Aim To discuss the hypothesis, design and early experiences following inception of an ongoing pilot study of migraine and appetite behaviours in children.
Background Recent research has highlighted an association between migraine and obesity, including in children. A causal relationship, and its direction, is not established. There are overlapping neurobiological mechanisms in migraine, appetite behaviour and obesity. Migraine has been noted to affect appetite behaviours, but this has not been formally studied previously. The authors wish to explore the biologically plausible hypothesis that migraine may lead to obesity, via alterations of appetite and food intake.
Method Initial literature search and hypothesis generation started in 2008. A collaboration between the clinical paediatric neurology service and the university-based biopsychology research group was formed. A single-centre, cross-sectional, questionnaire-based, clinical migraine population pilot study was designed. The primary outcome is association between measures of migraine severity and eating behaviour using validated tools. Secondary outcomes are to classify, describe and quantify appetite behaviour in paediatric migraineurs including food cravings. Specific tools used are the PedMIDAS, Dutch Eating Behaviour Questionnaire, Child Eating Behaviour Questionnaire, Child Behavior Checklist, Food Cravings Inventory and a food intake questionnaire. The sample size appropriate for a pilot study was 60 children with migraine, and 30 non-migraine headache controls. The main exclusion criterion is current treatment with migraine prophylaxis medications.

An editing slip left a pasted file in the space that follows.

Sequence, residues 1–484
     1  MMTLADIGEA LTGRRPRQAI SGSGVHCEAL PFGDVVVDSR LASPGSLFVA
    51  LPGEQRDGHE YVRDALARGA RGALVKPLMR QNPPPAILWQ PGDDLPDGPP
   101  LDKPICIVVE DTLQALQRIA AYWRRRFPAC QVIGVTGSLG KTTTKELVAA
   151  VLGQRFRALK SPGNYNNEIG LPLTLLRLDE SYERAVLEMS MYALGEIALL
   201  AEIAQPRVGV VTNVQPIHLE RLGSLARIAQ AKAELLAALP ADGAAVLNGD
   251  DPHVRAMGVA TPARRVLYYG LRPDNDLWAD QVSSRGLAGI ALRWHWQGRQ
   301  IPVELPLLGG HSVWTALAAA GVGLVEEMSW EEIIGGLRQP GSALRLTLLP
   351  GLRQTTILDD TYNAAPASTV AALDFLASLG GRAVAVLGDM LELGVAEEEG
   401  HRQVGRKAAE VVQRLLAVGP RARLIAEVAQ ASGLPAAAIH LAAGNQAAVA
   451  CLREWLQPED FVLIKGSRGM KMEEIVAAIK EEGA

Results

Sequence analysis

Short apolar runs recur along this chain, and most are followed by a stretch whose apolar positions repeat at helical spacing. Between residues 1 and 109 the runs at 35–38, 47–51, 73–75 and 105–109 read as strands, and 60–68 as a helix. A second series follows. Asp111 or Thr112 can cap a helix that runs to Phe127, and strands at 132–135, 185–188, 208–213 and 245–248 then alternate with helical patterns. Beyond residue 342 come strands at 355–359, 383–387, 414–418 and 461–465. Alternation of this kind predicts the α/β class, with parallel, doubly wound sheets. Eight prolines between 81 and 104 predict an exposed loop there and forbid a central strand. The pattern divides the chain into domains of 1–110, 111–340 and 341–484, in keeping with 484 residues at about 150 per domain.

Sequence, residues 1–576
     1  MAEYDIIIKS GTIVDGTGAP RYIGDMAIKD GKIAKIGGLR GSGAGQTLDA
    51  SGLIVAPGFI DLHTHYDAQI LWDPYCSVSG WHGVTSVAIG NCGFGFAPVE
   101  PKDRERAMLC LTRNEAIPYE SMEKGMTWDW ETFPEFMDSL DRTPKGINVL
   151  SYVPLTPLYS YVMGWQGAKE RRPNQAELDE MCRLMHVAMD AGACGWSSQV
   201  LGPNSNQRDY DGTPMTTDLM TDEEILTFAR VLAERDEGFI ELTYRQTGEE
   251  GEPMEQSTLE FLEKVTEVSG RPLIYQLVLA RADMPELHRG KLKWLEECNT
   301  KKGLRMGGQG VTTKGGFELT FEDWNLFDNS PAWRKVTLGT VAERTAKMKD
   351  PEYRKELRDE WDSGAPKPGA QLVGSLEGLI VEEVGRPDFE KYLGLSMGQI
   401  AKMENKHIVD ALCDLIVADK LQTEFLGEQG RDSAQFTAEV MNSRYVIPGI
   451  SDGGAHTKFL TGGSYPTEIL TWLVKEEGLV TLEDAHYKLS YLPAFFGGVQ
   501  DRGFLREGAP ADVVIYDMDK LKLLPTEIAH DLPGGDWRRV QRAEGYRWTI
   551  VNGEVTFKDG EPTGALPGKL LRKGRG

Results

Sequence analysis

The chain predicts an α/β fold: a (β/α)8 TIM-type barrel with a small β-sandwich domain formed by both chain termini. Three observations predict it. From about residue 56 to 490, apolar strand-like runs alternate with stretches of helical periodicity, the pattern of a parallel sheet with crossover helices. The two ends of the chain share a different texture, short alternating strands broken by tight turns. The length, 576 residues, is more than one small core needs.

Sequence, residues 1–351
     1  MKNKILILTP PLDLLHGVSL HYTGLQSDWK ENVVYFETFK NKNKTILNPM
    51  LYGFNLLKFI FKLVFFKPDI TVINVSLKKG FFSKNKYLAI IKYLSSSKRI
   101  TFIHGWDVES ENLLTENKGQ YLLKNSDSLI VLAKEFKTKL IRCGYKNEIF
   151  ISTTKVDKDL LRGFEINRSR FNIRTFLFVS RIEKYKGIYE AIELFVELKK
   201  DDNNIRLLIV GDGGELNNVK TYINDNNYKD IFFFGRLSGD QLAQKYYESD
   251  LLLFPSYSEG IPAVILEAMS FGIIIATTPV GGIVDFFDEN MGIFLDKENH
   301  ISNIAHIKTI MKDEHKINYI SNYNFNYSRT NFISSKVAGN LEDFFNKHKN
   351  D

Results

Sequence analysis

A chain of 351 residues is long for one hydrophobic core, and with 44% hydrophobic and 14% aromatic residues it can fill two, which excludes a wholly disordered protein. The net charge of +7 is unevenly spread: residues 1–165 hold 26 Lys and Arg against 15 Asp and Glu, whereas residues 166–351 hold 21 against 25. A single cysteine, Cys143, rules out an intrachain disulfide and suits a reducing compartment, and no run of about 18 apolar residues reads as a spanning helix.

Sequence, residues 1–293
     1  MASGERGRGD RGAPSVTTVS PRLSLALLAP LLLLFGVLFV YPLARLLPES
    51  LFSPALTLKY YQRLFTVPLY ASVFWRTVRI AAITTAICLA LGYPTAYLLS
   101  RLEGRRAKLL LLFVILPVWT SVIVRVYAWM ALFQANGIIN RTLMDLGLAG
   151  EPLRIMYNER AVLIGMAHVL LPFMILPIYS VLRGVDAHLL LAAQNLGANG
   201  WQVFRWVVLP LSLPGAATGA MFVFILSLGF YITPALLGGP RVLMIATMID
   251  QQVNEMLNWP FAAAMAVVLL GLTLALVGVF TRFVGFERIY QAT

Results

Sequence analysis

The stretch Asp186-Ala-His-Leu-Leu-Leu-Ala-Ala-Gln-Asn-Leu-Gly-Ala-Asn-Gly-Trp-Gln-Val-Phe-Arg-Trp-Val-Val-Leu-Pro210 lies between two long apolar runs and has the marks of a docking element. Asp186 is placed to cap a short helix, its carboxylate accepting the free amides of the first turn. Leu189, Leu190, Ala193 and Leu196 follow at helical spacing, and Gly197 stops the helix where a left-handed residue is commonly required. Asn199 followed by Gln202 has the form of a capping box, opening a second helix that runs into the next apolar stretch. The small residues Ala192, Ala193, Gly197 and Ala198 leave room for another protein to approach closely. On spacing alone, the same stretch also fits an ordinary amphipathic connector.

Results Local research ethics and Trust R&D approvals were granted in June 2009. Recruitment from the paediatric neurology and general paediatric clinics commenced July 2009. The study is on-track for completion by mid-2010. Early qualitative experience in performing the study includes issues such as some limitations of the questionnaires and tools used, the PedMIDAS in particular.
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